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  • Ethical Representation of Working-Class Lives:Multiple Genres, Voices, and Identities
  • Nancy Mack (bio)

Vivyan Adair and Sandra Dahlberg (2001) advocate in the first issue of Pedagogy that American literature teachers need to help students interrogate representations of social class, especially working and poverty classes, as a means to complicate students' reading, writing, and thinking about their own subjectivities. To a similar end, Amy Robillard (2003) calls for composition teachers to encourage students to complicate their narrative writing by considering how time is a class-based concept that affects the selection and interpretation of past experiences. For working-class students in particular I suggest that issues of subjectivity present an immediate conflict in all academic writing assignments as these students struggle to compose a legitimate identity within the university.1

Working-class students frequently have problems imagining themselves as scholars. A rhetorical indication of this conflict is the self-effacing commonplaces that working-class students feel obliged to incorporate into their writing to the effect that theirs is only an opinion or just their personal belief about a topic. Nick Tingle (2004) draws from both composition and psychology scholars to explain how readers associate these self-effacing statements with assumptions that the writer is displaying a weak ego. Tingle relates his vexation with teaching a type of academic identity that demands that working-class students uncritically mimic the linguistic mannerisms [End Page 53] and values of a more elite social class, thereby positioning themselves for self-betrayal. Such rhetorical devices belie the larger issues of legitimacy and entitlement for working-class students. It is my contention that working-class students need writing assignments in which they can occupy an authoritative position in relation to their topic. If they are to survive at the university, working-class students must construct a position that is not discounted as underprepared or limited to an acceptable imitation of the elite original but a respected, working-class-academic identity.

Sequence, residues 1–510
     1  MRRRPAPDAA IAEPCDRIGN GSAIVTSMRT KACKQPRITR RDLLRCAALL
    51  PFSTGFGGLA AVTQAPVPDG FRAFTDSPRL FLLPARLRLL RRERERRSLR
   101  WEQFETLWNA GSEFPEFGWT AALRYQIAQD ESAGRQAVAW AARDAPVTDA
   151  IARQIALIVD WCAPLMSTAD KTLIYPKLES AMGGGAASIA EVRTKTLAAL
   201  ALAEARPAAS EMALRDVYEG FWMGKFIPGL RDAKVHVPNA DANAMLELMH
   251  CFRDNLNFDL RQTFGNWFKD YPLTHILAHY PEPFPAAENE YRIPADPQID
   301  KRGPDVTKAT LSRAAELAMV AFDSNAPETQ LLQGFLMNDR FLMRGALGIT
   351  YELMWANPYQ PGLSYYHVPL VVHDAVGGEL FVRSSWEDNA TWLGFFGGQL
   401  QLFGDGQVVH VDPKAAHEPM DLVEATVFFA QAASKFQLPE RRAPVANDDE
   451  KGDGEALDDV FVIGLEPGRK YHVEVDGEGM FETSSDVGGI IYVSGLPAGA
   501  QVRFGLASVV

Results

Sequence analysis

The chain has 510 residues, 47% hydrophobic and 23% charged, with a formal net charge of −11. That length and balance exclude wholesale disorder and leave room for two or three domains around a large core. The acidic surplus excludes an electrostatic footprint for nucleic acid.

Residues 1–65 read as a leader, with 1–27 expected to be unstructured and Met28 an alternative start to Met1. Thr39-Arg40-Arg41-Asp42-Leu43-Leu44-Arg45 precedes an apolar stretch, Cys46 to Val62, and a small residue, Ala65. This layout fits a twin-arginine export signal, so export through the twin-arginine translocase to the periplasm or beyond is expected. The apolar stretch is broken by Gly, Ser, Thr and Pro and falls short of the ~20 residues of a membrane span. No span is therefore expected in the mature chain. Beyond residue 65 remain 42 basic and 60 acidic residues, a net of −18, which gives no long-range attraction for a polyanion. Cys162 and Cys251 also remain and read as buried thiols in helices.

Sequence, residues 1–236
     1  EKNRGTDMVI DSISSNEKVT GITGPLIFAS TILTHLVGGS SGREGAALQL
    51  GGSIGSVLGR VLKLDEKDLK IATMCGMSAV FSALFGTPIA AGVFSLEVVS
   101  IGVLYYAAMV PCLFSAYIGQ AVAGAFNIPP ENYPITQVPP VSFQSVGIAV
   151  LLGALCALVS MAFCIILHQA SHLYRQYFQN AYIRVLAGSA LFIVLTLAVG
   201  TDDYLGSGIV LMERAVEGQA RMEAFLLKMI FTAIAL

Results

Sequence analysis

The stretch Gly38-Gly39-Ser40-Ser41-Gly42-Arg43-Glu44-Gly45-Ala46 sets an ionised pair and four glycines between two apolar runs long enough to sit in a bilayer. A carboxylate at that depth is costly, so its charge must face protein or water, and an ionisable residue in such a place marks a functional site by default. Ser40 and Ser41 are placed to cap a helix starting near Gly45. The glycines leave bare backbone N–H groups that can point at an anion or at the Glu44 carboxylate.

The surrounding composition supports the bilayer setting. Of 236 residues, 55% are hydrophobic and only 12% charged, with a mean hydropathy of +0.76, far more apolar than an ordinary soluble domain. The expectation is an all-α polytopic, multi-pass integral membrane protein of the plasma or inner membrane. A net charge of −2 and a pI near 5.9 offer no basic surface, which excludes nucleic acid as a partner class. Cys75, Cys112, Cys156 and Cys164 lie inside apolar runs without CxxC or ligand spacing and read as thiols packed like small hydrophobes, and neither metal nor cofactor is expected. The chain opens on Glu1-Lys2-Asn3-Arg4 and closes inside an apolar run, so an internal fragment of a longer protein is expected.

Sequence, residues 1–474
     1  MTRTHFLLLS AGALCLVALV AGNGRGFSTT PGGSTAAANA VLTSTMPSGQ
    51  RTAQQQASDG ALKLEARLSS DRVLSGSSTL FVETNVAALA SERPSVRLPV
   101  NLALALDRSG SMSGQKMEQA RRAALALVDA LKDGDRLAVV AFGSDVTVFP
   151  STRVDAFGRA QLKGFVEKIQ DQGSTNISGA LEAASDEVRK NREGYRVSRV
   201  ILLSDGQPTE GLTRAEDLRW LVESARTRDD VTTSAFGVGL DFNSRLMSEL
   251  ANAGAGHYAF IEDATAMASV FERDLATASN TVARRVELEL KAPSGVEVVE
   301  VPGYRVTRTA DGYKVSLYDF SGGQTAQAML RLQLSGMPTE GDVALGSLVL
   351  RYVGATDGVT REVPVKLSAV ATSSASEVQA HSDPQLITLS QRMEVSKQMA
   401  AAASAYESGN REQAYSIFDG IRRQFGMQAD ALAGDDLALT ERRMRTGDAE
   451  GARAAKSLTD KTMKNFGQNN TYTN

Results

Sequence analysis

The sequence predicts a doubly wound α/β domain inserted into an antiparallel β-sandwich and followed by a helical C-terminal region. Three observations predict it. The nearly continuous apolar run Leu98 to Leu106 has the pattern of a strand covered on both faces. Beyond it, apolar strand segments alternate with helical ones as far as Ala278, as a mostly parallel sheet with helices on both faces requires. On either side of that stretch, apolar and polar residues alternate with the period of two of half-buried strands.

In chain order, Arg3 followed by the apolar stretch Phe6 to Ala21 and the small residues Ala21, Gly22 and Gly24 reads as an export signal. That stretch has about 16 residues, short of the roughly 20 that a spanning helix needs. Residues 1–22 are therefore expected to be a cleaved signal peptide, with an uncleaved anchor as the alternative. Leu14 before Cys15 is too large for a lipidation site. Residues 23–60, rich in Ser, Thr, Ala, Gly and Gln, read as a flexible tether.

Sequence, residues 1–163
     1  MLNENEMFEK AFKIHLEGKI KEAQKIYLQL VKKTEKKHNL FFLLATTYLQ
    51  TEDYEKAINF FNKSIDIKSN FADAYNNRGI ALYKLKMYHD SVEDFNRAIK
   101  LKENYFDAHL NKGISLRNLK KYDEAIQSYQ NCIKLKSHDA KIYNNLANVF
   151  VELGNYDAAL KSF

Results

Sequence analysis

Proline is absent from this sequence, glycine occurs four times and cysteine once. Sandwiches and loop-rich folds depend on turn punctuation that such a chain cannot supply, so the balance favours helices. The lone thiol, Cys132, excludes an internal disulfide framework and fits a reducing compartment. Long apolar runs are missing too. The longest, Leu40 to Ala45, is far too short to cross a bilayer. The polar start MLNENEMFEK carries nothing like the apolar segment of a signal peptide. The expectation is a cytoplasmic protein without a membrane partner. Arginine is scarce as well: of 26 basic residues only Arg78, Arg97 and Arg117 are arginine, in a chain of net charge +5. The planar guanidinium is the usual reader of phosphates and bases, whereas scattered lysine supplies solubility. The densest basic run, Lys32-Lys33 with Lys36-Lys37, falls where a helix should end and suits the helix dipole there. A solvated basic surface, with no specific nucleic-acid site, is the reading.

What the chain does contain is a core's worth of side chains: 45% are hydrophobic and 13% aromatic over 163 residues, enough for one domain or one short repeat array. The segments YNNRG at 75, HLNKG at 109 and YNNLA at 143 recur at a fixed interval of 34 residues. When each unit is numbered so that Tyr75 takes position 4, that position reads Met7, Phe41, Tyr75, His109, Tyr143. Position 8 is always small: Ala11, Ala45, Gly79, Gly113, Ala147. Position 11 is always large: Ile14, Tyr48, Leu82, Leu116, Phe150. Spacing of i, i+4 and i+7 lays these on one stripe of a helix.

I have long been dissatisfied with traditional research paper assignments that render working-class students powerless by discounting their experiences, histories, and ways of making knowledge. Like most of my university colleagues, I do not look forward to pointless papers about hackneyed topics selected for their available sources, simplified positions, and prepackaged worldviews. I want more interesting writing from my students that reflects their remarkable lives. Through the development of a multigenre folklore writing assignment, I have found that working-class students can successfully compose texts that have complex representations of their families, peer groups, and communities. This assignment has the potential to provide teachers with a pedagogy for recovering the power that the academic experience too often takes away from working-class students. It is designed to respond to the kinds of identity conflicts working-class students experience.

Working-Class Identity Conflicts

Although a college degree does increase the income of individuals, the educational experience should not be misrepresented as a free ride to upward mobility. Hidden beneath the seductive belief that education is the great equalizer is the assumption that being from the working class is a deficit or a liability. Historically, even working-class institutions have been modeled after universities that valorize competitive, elite culture (Alberti 2001: 568). The academy constructs working-class subjectivity as an oppositional choice between the right and wrong types of culture or worse as an empty binary between culture and no culture at all. As a former working-class student from the same community in which I now teach, my high school years were filled with many well-meaning teachers who transported us to philharmonic orchestra performances, quizzed us on famous works of art, and required us to memorize numerous passages from Shakespeare in an effort to infuse culture into our otherwise supposedly cultureless existence. The psychologist Barbara Jensen (2004: 179) claims that cultural conflicts created by the [End Page 54] educational experience cause a cognitive dissonance that "is so great, that [working-class students] are more likely to either reject the new culture (one reason for the high dropout rate among such students) or try to eject the former culture from their sense of self." Jensen identifies these class conflicts as a highly personal array of psychological...


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